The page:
Healthcare professionals working on inpatient wards face the externalizing or challenging behaviour of the patients who are admitted. Ethical values and principles in psychiatric nursing have been reported to be important when approaching patients during the most acute phase of deterioration in their mental health. Hence, the aim of this study was to discover and describe staff members’ ethical and moral concerns about their work as healthcare professionals in a psychiatric intensive care unit. The study has a qualitative descriptive design and makes use of Framework Analysis. Registered nurses and psychiatric aides in a psychiatric intensive care unit in Sweden were observed during ethical reflection meetings. Four to six staff attended the 90‐min meetings. The data comprise observations from six meetings, which provided 94 pages of text. The results demonstrate that the work was described as being both motivating and exhausting. The staff faced ethical concerns in their daily work, as patients often demonstrated challenging behaviours. Three themes were identified as follows: (i) concerns about the staff impacting on patients’ experience of care, (ii) concerns about establishing a safe working environment, and (iii) concerns about becoming unprofessional due to expectations and a high workload. Ethical concerns included simultaneously taking into account both the patients’ dignity and safety aspects, while also being exposed to high workloads. These elements of work are theorized as influencing complex psychiatric nursing. If we are to bring these influential factors to light in the workplace, advanced nursing practice must be grounded in moral mindfulness.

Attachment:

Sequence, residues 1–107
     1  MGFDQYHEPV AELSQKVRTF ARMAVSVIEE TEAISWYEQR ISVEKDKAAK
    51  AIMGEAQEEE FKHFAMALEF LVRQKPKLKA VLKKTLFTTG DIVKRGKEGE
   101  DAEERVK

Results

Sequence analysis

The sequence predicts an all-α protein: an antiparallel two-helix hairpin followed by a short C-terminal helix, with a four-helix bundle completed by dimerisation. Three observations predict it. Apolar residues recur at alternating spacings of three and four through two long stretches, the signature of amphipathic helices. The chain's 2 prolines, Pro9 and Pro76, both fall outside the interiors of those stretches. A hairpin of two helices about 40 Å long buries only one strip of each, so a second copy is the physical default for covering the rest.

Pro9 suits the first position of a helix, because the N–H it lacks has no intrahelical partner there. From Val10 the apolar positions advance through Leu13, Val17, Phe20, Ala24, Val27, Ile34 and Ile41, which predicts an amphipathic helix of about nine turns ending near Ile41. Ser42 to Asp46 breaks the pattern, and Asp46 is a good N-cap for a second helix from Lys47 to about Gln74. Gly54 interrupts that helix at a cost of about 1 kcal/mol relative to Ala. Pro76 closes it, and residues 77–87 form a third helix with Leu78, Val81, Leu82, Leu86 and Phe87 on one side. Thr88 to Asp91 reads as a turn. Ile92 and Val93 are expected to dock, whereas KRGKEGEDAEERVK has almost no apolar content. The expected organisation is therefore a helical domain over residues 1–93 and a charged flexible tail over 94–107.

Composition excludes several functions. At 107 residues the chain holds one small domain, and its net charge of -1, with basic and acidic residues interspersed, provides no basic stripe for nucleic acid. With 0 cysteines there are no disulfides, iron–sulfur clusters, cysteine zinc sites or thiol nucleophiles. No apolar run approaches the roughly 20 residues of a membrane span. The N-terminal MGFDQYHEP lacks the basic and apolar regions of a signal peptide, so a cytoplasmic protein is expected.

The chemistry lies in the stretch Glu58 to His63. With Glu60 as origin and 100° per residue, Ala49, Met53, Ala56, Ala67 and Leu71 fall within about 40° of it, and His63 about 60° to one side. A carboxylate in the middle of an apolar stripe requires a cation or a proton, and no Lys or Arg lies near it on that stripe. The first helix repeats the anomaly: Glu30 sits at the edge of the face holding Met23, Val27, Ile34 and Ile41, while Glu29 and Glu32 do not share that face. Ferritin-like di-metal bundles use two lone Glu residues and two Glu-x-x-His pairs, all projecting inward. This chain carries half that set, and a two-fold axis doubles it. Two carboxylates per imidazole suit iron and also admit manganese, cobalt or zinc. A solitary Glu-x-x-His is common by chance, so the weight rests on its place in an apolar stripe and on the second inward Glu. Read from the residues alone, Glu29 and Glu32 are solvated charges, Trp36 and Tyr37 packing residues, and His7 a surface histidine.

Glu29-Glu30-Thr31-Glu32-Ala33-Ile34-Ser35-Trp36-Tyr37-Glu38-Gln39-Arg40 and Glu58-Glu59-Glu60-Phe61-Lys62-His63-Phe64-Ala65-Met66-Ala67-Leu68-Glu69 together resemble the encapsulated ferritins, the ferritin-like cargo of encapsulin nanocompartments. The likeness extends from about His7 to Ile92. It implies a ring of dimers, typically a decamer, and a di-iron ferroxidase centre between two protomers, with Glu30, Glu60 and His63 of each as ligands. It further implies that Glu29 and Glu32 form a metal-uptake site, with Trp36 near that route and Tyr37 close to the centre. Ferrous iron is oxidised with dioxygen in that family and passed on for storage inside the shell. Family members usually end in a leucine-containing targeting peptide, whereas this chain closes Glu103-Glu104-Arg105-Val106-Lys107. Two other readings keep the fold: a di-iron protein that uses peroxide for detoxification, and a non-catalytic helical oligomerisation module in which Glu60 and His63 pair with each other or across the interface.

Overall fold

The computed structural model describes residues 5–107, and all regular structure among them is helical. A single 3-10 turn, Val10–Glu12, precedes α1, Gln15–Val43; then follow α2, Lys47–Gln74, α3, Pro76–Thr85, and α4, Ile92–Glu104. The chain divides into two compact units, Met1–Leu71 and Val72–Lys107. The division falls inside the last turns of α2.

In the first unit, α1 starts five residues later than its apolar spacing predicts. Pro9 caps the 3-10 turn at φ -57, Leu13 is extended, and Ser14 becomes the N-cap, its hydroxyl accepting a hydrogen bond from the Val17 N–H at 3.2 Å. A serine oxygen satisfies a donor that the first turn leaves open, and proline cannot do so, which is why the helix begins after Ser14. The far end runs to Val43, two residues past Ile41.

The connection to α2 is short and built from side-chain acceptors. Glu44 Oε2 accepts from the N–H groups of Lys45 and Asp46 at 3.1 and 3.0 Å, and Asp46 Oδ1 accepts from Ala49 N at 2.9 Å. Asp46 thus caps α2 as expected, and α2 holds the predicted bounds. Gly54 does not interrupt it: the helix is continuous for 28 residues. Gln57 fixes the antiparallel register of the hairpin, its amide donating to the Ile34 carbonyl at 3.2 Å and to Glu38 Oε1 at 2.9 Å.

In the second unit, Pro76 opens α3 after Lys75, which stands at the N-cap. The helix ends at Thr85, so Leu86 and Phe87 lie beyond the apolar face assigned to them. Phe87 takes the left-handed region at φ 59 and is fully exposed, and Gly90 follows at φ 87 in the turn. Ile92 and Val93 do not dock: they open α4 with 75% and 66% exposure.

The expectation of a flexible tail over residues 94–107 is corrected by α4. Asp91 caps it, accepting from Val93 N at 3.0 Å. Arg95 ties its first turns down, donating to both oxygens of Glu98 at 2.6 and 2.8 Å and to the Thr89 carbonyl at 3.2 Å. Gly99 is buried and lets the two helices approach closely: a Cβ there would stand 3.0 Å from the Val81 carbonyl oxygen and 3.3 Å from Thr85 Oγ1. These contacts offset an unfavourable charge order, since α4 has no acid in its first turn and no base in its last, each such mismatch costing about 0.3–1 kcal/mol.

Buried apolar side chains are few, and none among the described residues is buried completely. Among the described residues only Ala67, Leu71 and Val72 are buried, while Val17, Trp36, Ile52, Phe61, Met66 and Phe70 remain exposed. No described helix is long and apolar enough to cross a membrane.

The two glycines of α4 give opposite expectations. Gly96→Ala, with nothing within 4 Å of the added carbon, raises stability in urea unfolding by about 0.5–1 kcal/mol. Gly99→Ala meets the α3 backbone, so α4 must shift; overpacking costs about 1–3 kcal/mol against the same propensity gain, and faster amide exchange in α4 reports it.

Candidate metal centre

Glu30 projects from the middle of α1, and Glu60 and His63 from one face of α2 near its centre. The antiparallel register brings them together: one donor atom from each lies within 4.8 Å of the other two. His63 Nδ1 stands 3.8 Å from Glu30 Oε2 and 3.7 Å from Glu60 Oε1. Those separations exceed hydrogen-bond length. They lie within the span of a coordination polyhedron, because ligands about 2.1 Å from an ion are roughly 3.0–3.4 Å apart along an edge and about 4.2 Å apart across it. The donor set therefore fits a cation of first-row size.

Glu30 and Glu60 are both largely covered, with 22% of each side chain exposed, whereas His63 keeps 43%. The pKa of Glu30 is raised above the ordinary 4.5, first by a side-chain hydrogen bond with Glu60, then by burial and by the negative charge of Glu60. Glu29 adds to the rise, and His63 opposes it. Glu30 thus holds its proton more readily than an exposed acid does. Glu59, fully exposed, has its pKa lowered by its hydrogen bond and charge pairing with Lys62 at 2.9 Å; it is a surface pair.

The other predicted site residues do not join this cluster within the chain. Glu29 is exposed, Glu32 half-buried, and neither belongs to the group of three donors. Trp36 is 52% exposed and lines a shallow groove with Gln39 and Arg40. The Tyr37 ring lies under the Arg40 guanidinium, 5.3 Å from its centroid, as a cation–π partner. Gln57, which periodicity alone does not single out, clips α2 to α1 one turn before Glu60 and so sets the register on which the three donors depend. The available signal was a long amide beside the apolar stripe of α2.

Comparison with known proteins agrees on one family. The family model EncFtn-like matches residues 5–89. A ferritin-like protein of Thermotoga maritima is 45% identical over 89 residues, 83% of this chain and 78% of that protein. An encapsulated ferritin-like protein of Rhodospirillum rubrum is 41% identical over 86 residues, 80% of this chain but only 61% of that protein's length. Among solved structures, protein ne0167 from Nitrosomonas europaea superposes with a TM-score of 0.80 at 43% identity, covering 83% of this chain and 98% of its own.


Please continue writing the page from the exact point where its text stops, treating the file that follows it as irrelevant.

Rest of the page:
Martin Salzmann‐Erikson RN, PhD.
International Journal of Mental Health Nursing, 22 June 2018